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Warrior chemists and wannabe queens

by Alexandra Taylor
June 20, 2016 | A version of this story appeared in Volume 94, Issue 25


Chemist by day, ninja in May


Janis Louie hangs from the Devil Steps obstacle at American Ninja Warrior.
Credit: Courtesy of Janis Louie
Stairway to hell: Louie hangs from a “Ninja” obstacle known as the Devil Steps.

Many things about Janis Louie seem exceptional. She’s a synthetic chemist with a doctorate from Yale, a former UCLA cheerleader, and the mother of five-year-old triplets. To top it off, this May she competed in the Oklahoma City qualifying round for the popular television show “American Ninja Warrior.”

“Ninja,” as it is affectionately known, challenges competitors to tackle physical obstacles with names like Bridge of Blades and Snake Crossing that require extraordinary strength and endurance. Those familiar with the show know that Louie, a petite 44-year-old, doesn’t fit the mold: The competition is made up mostly of men in their mid-20s who approach 180 cm in height and weigh at least 70 kg. But this hasn’t deterred Louie, for whom the term “driven” may be an understatement.

When she’s not facing down the Warped Wall, Louie is a tenured organic chemistry professor at the University of Utah. And no, she doesn’t get tired of being asked how she juggles it all. She hopes her story will remind people that it’s never too late to pursue a goal, no matter how ambitious.

One way she lives up to this advice is by making the most of her time: “It’s really easy to say, ‘I only have 15 minutes and that’s not enough, so I won’t read this paper or play with my kids or work out.’ But if that’s all you have, then use it.”

Louie is not the only chemist to get in on the action. Zack Kemmerer, a second-year Ph.D. candidate in biochemistry at the University of Wisconsin, Madison, competed in the Indianapolis qualifying round that aired June 13under the nom de guerre “Science Ninja.” Kemmerer will advance to the regional finals. Louie’s qualifying round results will be revealed Monday, June 20, on NBC.

This competition will not be televised


Credit: Juergen Liebig
Scent of superiority: Dueling ramps up dopamine production, which other ants can smell.
Two ants engaging in dueling behavior.
Credit: Juergen Liebig
Scent of superiority: Dueling ramps up dopamine production, which other ants can smell.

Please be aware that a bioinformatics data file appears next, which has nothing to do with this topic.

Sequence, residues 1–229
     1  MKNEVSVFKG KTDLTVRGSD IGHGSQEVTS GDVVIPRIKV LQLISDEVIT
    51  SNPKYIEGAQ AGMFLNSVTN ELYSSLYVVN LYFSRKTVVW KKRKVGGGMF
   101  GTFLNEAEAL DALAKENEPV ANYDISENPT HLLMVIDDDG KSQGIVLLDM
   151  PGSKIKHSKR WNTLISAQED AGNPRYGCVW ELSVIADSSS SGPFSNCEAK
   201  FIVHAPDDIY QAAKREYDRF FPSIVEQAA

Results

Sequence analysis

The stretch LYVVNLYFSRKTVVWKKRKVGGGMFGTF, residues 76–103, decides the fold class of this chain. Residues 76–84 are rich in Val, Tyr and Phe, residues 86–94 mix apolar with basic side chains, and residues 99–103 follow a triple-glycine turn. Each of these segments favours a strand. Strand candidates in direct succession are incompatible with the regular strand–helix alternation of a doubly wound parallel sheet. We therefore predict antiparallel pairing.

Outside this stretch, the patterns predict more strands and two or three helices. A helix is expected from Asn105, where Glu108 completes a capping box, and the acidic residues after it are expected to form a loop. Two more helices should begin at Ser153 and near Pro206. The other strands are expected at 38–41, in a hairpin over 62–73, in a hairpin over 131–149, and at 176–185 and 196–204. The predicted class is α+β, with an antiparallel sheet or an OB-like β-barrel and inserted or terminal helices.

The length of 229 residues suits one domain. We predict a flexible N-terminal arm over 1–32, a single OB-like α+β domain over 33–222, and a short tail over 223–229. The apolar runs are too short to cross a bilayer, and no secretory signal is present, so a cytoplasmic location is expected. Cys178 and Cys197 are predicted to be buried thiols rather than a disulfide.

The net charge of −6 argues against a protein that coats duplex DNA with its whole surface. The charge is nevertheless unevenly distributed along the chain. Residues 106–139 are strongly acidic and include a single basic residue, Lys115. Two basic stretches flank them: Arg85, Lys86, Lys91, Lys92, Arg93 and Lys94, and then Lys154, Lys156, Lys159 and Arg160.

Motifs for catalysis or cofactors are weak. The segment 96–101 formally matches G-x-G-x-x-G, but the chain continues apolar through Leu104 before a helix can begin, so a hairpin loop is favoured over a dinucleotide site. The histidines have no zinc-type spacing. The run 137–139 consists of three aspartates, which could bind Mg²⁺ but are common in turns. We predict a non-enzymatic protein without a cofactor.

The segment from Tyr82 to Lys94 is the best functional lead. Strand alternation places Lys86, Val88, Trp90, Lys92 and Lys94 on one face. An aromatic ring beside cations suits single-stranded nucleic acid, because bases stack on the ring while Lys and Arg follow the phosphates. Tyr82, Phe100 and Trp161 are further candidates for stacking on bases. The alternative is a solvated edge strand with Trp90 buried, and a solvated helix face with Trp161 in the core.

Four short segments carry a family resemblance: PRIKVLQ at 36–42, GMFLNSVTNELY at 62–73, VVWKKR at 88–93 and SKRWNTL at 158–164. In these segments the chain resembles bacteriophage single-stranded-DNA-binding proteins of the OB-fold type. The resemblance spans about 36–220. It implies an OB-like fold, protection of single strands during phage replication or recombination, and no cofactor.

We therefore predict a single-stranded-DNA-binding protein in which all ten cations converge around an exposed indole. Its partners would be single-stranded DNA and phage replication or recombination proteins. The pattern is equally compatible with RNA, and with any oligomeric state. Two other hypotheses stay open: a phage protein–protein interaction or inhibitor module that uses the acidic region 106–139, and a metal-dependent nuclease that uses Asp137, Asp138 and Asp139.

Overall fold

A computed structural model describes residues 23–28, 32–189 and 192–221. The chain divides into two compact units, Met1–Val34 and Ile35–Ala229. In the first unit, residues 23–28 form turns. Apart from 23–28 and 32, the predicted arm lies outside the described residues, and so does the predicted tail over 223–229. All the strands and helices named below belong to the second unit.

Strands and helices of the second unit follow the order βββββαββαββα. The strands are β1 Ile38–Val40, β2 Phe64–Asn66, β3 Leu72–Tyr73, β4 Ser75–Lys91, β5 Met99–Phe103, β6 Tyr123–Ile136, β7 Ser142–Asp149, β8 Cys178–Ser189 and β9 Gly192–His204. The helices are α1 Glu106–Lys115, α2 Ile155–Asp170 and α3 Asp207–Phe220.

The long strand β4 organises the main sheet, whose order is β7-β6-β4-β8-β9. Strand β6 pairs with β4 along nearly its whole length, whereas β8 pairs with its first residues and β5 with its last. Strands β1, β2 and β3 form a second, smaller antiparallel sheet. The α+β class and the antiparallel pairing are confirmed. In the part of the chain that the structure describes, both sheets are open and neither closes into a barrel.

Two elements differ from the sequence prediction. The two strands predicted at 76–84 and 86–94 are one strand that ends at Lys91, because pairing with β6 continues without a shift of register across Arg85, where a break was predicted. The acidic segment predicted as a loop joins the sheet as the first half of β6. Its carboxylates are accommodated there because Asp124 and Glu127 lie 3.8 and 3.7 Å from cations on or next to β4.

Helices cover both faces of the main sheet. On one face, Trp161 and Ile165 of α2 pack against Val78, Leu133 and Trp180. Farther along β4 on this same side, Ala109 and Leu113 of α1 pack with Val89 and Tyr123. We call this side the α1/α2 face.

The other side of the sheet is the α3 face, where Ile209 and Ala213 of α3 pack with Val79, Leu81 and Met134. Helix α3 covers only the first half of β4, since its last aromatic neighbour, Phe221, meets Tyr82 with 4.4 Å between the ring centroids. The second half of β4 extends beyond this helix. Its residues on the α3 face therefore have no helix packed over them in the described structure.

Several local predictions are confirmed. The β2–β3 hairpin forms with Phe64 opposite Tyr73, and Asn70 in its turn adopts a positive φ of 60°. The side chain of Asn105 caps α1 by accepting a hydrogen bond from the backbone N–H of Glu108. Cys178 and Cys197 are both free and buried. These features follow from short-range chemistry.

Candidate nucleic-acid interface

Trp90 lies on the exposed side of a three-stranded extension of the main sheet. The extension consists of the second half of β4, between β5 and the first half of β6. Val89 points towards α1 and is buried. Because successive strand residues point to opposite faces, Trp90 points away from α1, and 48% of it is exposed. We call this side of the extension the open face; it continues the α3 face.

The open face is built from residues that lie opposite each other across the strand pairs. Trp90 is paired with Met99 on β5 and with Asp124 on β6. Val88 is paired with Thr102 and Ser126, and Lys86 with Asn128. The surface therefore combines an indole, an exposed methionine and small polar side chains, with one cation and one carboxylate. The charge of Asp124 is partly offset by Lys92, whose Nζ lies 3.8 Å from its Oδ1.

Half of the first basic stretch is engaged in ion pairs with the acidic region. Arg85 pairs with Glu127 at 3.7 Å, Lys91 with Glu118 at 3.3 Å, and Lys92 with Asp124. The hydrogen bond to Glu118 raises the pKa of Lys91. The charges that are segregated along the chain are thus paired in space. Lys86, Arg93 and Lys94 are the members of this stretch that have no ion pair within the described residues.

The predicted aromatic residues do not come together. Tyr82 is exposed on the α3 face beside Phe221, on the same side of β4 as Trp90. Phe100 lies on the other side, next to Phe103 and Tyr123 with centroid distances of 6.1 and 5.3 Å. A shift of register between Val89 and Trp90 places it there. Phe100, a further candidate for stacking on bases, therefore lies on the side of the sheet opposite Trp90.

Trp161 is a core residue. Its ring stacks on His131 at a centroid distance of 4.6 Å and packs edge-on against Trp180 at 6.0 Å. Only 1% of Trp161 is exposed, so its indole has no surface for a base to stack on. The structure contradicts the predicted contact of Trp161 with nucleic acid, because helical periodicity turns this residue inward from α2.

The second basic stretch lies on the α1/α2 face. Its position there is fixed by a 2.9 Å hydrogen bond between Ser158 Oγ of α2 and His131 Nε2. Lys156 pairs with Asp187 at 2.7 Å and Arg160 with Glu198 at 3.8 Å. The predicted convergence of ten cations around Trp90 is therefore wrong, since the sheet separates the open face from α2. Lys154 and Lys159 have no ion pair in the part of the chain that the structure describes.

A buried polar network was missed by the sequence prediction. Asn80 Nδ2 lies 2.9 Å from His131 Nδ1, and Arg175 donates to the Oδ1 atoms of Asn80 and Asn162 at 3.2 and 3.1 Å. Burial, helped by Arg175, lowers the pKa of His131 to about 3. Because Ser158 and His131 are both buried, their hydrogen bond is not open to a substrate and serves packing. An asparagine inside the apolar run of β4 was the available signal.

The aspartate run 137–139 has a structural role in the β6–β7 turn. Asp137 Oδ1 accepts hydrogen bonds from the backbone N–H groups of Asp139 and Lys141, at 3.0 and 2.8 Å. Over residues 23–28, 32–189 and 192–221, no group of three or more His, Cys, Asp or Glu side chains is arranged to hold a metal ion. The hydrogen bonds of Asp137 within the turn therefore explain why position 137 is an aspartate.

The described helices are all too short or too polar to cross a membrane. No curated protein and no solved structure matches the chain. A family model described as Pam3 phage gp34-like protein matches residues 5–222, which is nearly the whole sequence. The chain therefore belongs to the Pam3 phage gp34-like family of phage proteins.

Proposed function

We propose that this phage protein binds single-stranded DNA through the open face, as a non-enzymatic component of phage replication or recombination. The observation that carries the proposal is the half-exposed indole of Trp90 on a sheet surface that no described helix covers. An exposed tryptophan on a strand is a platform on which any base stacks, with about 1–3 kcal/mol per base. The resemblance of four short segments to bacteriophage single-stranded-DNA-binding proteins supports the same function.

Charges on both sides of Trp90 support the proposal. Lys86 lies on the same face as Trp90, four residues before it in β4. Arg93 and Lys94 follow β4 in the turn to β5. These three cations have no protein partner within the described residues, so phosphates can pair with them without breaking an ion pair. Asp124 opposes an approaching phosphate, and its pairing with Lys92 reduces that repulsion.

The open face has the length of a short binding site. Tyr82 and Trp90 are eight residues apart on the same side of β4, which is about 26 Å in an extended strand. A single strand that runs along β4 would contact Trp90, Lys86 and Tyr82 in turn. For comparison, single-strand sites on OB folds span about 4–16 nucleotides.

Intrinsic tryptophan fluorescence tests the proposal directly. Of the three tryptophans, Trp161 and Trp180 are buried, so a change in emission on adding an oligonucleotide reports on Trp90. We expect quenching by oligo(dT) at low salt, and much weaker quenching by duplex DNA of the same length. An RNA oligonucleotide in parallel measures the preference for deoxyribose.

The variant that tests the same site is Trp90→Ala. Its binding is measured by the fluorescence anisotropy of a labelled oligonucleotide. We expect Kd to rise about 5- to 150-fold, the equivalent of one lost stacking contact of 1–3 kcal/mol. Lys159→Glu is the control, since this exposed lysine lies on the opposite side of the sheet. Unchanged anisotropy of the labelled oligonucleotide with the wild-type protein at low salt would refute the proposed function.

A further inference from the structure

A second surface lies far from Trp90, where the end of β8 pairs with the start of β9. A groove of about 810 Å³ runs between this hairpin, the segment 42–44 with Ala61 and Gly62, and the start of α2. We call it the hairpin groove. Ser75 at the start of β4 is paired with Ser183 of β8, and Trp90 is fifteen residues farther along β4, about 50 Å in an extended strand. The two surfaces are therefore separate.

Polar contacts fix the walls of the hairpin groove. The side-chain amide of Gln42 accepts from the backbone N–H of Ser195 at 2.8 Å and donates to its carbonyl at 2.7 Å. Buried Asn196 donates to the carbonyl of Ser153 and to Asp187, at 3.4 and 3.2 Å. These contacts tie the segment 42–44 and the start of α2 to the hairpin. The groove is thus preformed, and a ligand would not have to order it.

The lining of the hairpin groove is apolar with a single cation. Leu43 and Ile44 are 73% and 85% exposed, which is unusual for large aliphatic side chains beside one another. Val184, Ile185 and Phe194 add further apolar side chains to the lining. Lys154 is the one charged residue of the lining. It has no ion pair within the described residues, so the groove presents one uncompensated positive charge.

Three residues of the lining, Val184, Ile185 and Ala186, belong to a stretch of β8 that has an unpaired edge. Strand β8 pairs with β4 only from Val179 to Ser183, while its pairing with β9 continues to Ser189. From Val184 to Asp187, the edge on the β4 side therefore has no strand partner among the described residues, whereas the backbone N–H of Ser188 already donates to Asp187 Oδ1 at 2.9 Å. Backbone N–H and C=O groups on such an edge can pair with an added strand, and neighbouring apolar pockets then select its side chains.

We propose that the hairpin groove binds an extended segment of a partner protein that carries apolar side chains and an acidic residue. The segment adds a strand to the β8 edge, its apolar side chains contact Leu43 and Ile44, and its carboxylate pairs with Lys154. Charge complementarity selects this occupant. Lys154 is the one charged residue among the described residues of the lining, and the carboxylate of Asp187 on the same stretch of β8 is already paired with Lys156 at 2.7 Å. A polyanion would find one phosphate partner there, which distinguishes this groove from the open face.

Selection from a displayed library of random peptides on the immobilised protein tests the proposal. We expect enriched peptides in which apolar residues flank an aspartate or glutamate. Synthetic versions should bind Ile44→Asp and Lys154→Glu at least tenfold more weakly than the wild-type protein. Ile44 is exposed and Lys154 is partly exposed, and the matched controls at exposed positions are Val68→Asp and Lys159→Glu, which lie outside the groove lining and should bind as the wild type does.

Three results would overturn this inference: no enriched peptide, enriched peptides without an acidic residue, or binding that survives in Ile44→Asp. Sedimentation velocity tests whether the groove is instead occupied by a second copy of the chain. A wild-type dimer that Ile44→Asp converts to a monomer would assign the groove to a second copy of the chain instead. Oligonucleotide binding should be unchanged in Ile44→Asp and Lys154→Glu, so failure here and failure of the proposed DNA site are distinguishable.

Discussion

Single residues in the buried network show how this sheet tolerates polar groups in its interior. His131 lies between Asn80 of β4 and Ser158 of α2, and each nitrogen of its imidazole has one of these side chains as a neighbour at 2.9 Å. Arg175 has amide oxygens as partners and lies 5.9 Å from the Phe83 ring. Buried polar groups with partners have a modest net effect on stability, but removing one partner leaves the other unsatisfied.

While Louie was scrambling up the Devil Steps, ambitious ants were aiming to rise a rung on the social ladder. A study by Takao Sasaki of the University of Oxford and colleagues details different types of interactions that occur among these insects (Am. Nat. 2016, DOI: 10.1086/686259). The behaviors allow the ants to achieve a complex social hierarchy, even though they lack sophisticated thought.

When the queen of an ant colony dies, other ants vie to take her place. Rather than perform feats of strength, ants use behaviors such as biting to show their superiority, which can translate to a shot at the throne.

Perhaps the most interesting mode of interaction is shared dominance, normally seen only in cognitively advanced animals such as primates and dolphins. In shared dominance, the positions of power are divvied up among a ruling class. These elites usually rely on facial recognition and long-term memory to pick each other out.

Lacking in smarts, ants rely on fertility signals such as dopamine levels and ovary size to figure out who’s in charge. A cornerstone of this system is antennal dueling, whereby one ant hits antennae with another of equal rank. Unlike pistol dueling, which can be deadly, this behavior leads to a mutual boost in sex appeal. Sasaki describes it as a ritual, almost like a fist bump.

Though there can be only one queen, the ruling class makes up 10 to 20% of the total population and helps keep the lesser ants in line.

To parse out the importance of antennal dueling to ant society, Sasaki’s group observed the ants’ behavior. The researchers then created a computer simulation that modeled the various types of interactions. Without antennal dueling, they found, the shared-dominance hierarchy disappeared.

“Our models show that you don’t need such sophisticated cognition to have a stable shared-dominance hierarchy,” Sasaki says.

Could this mean, then, that the social systems of more advanced animals could be less complex than previously thought? Sasaki says, “If we could show that, it would be very sexy, but I think we need more data.”

Alexandra Taylor wrote this week’s column. Please send comments and suggestions to


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